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Collier, Tech To Start Cage Season With Tall Ambitions

ATLANTA (Nov. 16) — Heading into the 1999-2000 collegiate basketball campaign, Georgia Tech will count on a tall force in senior power forward Jason Collier (Springfield, Ohio). With high hopes of a return to the NCAA Tournament, the talented 7-footer could just be the determined team leader to get Tech there.

“Coach [Bobby] Cremins has placed an emphasis on me being a harder working inside player,” said Collier, who possesses excellent perimeter skills for a big man. “I’ll do what Coach wants me to do. He’s been there, he’s seen how players and teams make it and I’ll do what he wants me to do.”

Collier will lead the Jackets into the start of the season as the team hosts Mercer Friday at 7:30 p.m. in Alexander Memorial Coliseum at McDonald’s Center. The Jackets will be looking to be bounce back from a 15-16 season a year ago in which they finished tied for fifth in the Atlantic Coast Conference and earned a bid to the National Invitation Tournament.

One key improvement will be the refinement of Collier from a smooth-shooting face up player to more of an inside power player to compliment his all around game. Collier has been working with new coaching staff addition and former Tech player Willie Reese to employ more power moves around the bucket and concentrate on interior defense and rebounding.

“The coaches had me working on my inside game during the summer and pre-season,” said Collier, who was both a Parade Magazine and McDonald’s all-America coming out of Catholic Central High School.

“They have stressed working hard inside the paint and establishing good position. Coach knows I can score around the basket and I need to maintain a strong mentality. My mentality sometimes isn’t as strong as it needs to be, so this summer I have worked on being tougher and stronger inside the paint.”

Along with working with Cremins on the mental aspects of his game, he has worked hard in the weight room to add needed muscle mass. Combining an improved diet and weight work to add strength to his shoulders, back and legs, Collier has bulked up from 240 to 255 pounds for this year. Last season, a stomach ulcer, a sprained foot and a high ankle sprain didn’t allow Collier to operate at full strength.

Nevertheless, he finished as the team’s high scorer with a 17.2 per game scoring average, which ranked him fifth in the Atlantic Coast Conference. He garnered second team all-ACC honors and in ACC contests only, was first in the league with an 18.8 per game average. After helping spark Tech to the NIT, he has entered this year by being voted a finalist for both the John Wooden and James Naismith National Player of the Year awards.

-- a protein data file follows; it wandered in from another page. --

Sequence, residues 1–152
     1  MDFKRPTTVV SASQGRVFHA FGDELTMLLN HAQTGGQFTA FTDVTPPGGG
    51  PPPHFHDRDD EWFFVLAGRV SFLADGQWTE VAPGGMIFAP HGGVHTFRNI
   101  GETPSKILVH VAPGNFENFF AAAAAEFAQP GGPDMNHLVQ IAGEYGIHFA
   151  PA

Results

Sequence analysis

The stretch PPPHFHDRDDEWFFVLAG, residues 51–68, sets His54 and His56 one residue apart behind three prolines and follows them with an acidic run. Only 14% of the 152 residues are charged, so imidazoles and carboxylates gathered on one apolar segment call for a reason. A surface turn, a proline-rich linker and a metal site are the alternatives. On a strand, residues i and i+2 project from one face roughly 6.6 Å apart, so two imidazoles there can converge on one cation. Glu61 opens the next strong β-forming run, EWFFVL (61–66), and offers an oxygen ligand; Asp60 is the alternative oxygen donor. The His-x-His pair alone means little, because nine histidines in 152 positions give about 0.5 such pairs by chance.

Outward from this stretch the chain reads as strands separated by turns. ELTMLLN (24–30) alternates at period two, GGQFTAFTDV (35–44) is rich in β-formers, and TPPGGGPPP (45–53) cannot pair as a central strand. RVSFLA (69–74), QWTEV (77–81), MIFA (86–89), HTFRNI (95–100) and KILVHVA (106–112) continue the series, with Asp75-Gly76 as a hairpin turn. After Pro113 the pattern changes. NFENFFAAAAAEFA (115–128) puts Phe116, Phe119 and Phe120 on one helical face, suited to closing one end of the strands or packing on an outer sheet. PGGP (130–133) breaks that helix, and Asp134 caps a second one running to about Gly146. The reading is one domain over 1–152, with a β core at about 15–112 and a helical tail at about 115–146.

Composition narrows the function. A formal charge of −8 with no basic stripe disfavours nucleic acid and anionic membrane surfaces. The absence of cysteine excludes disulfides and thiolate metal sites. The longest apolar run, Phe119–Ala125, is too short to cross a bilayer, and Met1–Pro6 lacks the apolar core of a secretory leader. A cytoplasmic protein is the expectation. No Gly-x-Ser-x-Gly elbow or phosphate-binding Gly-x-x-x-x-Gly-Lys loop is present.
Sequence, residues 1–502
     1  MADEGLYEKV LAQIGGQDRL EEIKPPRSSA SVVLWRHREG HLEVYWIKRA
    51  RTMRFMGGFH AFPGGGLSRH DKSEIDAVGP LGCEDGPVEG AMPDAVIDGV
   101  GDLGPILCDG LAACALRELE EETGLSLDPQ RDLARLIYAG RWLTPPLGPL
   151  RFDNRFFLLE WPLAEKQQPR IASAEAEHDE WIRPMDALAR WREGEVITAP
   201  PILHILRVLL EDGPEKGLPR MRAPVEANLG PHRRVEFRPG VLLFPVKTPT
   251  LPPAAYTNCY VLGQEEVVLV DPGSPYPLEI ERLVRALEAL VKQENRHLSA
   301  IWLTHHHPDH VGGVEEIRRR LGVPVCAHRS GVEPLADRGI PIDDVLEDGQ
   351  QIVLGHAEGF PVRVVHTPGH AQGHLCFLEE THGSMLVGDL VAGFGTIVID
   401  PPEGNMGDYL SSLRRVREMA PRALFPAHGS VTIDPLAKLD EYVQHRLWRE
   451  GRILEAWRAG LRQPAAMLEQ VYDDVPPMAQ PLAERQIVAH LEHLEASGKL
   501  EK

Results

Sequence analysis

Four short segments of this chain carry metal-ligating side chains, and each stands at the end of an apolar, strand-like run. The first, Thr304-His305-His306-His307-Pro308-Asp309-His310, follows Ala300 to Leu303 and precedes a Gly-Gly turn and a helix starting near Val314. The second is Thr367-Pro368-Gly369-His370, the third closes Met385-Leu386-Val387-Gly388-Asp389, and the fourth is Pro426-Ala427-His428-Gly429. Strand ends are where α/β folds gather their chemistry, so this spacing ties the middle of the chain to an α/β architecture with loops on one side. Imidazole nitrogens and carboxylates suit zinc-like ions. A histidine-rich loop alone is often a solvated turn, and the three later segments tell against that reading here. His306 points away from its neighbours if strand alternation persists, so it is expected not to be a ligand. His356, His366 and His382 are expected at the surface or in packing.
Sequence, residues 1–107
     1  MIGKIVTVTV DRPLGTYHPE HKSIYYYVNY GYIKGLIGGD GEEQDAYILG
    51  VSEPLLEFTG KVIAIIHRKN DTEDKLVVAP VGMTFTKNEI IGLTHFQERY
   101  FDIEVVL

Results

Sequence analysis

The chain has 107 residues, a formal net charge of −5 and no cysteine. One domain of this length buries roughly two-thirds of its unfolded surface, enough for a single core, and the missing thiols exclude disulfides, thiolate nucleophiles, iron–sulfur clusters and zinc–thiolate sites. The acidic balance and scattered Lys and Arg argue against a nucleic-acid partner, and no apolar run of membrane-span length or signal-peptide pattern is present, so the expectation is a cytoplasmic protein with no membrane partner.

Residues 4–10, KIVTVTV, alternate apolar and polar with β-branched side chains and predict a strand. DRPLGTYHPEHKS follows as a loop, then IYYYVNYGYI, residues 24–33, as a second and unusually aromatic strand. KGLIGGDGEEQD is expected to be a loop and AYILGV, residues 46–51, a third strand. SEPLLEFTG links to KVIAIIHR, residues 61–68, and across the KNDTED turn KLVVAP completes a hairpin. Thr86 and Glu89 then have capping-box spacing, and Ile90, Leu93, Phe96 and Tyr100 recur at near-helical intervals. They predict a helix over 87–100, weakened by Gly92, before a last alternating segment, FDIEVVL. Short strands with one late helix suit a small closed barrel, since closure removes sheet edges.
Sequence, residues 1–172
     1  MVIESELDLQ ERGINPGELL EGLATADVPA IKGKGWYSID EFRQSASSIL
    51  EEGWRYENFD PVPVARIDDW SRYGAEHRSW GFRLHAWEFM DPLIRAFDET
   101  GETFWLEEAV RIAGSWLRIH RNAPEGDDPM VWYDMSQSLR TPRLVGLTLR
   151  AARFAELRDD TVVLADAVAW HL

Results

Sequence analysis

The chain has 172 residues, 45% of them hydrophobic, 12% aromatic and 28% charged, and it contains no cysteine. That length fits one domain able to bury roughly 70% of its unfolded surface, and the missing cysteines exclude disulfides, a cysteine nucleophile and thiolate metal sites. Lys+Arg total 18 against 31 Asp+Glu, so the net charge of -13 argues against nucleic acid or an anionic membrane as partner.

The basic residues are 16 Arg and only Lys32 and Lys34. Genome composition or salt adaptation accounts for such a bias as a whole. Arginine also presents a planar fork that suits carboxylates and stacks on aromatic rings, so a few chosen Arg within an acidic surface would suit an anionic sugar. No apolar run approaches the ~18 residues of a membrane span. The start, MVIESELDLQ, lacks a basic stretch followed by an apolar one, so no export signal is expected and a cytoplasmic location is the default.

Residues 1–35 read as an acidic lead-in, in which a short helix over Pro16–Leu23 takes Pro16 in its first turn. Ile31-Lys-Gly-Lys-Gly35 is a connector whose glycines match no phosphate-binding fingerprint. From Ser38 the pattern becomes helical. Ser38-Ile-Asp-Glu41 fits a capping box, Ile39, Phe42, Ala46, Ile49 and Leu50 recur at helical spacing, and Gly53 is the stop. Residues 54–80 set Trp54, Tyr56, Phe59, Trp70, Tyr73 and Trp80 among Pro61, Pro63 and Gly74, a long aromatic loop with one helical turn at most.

“Jason went through a lot in his first season with us,” said Cremins, who enters his 19th season on the Flats with a 341-220 record as the Yellow Jackets mentor.

“He battled through an ulcer and several leg injuries and still did a great job for us. He is a great kid who has a tendency to get down on himself. You have to keep your confidence in this league. Jason just has to keep the faith and believe he is a great player. He was one of the top high school players coming out of high school, and I think he wants to get that recognition back and I hope he does.”

Collier could become a legitimate contender for ACC Player of the Year and first team all-ACC honors if continues to improve upon his play. During Tech’s first two exhibition games this season, he contributed 13 points and 12 rebounds against Athletes in Action, and registered 26 points and 16 rebounds versus the California All-Stars. He converted 14-27 field goals (51.8%) and hit 9-13 free throws and most importantly, grabbed 29 total rebounds. His development as a 20-point per game scorer and a consistent rebounder and interior defender could spell big things for the Jackets.

“Personally, I want to get back to the NCAA Tournament and would love to reach the Sweet 16,”said Collier. “I have been to the NCAA Tournament once with Indiana and haven’t been with Georgia Tech yet. It would be a great accomplishment for me, the team and this Institute.”

To do so, what will it take for Tech to reach the bracket of 64?

“We are going to have to put forth a lot of heart,” said Collier. “Everybody on this team is going to have to show up and put out the same effort every night. It is hard when you are not winning, but it becomes easy when you are winning. If we can get a quick start and play well, our confidence will come and should become comfortable with each other.”

That confidence started to show against the California All-Stars as the team cut a 19-point deficit to single digits, but couldn’t get over the hump before falling 95-85 to a veteran-loaded team.

“I thought that we played really well the last 30 minutes against the California All-Stars,” said Collier. “It was a learning experience and we played well, but we burned up a lot of gas cutting the deficit down. Rallying and showing we can play well should be a spring board for us into the season.”

As Tech begins a new year with aspirations of snapping a three-year drought from the Big Dance, Collier is looking forward to being one of the team’s guiding forces to a successful year.

“I am not worried about personal stuff such as honors,” he said. “If everybody plays well and we win, the personal stuff will come.

“The focus is to have this team to play well.”


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